News Scan for Sep 06, 2018

More Ebola in DRC
Salmonella pasta salad outbreak
Drug resistance and death certificates

DRC confirms 3 more Ebola cases as details emerge about urban infection

According to an outbreak update from the Democratic Republic of the Congo (DRC), officials recorded three more confirmed cases of Ebola yesterday, including one in a patient who died in Butembo, a major city in North Kivu province.

The other confirmed cases include one each in Mabalako and Mandima. The new cases raise outbreak totals to 127, of which 96 confirmed and 31 probable. There have been 87 deaths. Four cases are still under investigation.

The DRC offered new details about the patient in Butombo, who was a contact from a confirmed case in Beni. An official from the World Health Organization first reported the case early yesterday. This is the first case in Butembo, North Kivu province's second largest city, which has an airport and is not far from the border with Uganda.

The patient "refused to cooperate with the health authorities and fled to Butembo after falling ill. He died at Butembo University Hospital. The hospital's health staff, having already been trained on how to deal with suspected cases, complied with individual protection measures. The burial has been secured," the DRC said.

A surveillance team was already in place in Butembo after officials had tracked several contacts of cases in Beni who had moved into the city. Yesterday, DRC’s Ebola Response Coordinator, Ndjoloko Tambwe Bathe, MD, traveled to Butembo to set up a response team, a mobile laboratory, and a new Ebola treatment center—the fifth constructed during this outbreak. Vaccination of identified first contacts was also able to begin, the DRC said.

A total of 6,343 people have now been vaccinated during this outbreak, up by more than 200 from the day before. Yesterday's total includes 3,210 in Mabalako, 1,856 in Beni, 1,067 in Mandima, 121 in Oicha, 70 in Katwa (Butembo), and 19 in Kinshasa.
Sep 5 DRC update


Final CDC report notes 101 Salmonella cases linked to Hy-Vee pasta salad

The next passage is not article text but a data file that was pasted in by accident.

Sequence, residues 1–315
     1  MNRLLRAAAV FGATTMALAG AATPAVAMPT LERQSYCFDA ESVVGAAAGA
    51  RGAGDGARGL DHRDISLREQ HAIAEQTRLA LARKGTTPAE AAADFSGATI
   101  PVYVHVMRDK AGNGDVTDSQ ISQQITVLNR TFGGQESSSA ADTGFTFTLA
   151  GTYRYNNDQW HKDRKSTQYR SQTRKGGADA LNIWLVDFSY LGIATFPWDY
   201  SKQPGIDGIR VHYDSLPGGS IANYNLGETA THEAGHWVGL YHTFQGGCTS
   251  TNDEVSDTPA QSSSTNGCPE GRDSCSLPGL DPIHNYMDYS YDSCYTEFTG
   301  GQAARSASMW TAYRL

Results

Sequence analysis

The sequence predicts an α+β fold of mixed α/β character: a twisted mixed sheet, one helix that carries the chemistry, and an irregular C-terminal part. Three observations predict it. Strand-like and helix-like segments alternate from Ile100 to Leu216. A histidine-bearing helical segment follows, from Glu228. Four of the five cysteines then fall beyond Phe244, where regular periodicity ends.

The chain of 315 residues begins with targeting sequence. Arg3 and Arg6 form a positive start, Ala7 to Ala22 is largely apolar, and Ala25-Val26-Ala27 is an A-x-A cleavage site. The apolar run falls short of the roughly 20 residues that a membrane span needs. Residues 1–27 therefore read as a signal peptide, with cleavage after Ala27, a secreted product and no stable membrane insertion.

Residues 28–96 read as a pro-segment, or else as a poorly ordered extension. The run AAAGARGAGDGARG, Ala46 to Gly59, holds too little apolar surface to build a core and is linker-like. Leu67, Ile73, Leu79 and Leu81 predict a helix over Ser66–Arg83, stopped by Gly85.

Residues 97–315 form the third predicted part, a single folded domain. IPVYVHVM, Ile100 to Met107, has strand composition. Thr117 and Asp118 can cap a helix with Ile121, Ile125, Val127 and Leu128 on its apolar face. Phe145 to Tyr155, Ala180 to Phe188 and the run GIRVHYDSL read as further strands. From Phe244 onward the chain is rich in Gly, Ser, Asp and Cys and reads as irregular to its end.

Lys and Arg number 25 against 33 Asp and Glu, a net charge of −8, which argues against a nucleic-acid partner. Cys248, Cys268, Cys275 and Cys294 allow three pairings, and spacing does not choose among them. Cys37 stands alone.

Late yesterday the US Centers for Disease Control and Prevention (CDC) issued its final update on a multistate Salmonella outbreak connected to pasta salad sold at Hy-Vee grocery stores and said the outbreak appears to be over.

A total of 101 people in 10 states were infected with Salmonella Sandiego (92 people), Salmonella enterica subspecies IIIb (7 people), or both (2 people). Twenty-five people were hospitalized, but no deaths were recorded.

Illness onsets ranged from Jun 21 to Aug 7, and the median case-patient age was 50. Most cases (61%) involved women. Iowa, where Hy-Vee is headquartered, had the most cases (37), followed by Minnesota (23), South Dakota (19), and Nebraska (11). Kansas and Missouri each had 3 cases, Illinois had 2, and North Dakota, Oregon, and Tennessee each reported 1 case.

On Jul 17, Hy-Vee removed all Spring Pasta Salad packages from its stores. According to the CDC, any recalled Spring Pasta Salad would now be expired.
Sep 5 CDC update


England's top medical officer wants deaths from drug resistance recorded

England's chief medical officer is calling for antibiotic-resistant infections to be recorded on death certificates, according to reports in the British press.

The Guardian reports that Dame Sally Davies told British members of parliament on the Health and Social Care Select Committee on Tuesday that recording deaths from drug-resistant infections would raise public awareness of antibiotic resistance.

"I would really love death certificates to collect when people die of infections and if resistance has been involved, because that would really wake people up to the deaths as they happen," Davies said.

Davies said England's National Health Service (NHS) rarely tells families when a loved one has died of a resistant infection, because doing so would make it look like the service is failing patients.

Davies, a leading voice on the dangers of antibiotic resistance, also warned that unless more effective measures were introduced to contain the spread of drug-resistant infections, advanced medical procedures and organ transplants will be threatened. "There will be a lot of suffering, and modern medicine will be lost," she said.
Sep 4 Guardian story

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